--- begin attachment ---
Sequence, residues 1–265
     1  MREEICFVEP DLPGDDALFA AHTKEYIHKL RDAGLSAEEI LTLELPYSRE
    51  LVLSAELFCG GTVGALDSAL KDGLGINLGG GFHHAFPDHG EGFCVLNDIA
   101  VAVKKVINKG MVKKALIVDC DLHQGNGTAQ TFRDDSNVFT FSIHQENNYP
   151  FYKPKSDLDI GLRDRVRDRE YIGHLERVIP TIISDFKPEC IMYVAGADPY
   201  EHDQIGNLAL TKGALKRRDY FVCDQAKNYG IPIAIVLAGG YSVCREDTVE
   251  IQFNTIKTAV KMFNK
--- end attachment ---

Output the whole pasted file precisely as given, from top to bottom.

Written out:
Sequence, residues 1–265
     1  MREEICFVEP DLPGDDALFA AHTKEYIHKL RDAGLSAEEI LTLELPYSRE
    51  LVLSAELFCG GTVGALDSAL KDGLGINLGG GFHHAFPDHG EGFCVLNDIA
   101  VAVKKVINKG MVKKALIVDC DLHQGNGTAQ TFRDDSNVFT FSIHQENNYP
   151  FYKPKSDLDI GLRDRVRDRE YIGHLERVIP TIISDFKPEC IMYVAGADPY
   201  EHDQIGNLAL TKGALKRRDY FVCDQAKNYG IPIAIVLAGG YSVCREDTVE
   251  IQFNTIKTAV KMFNK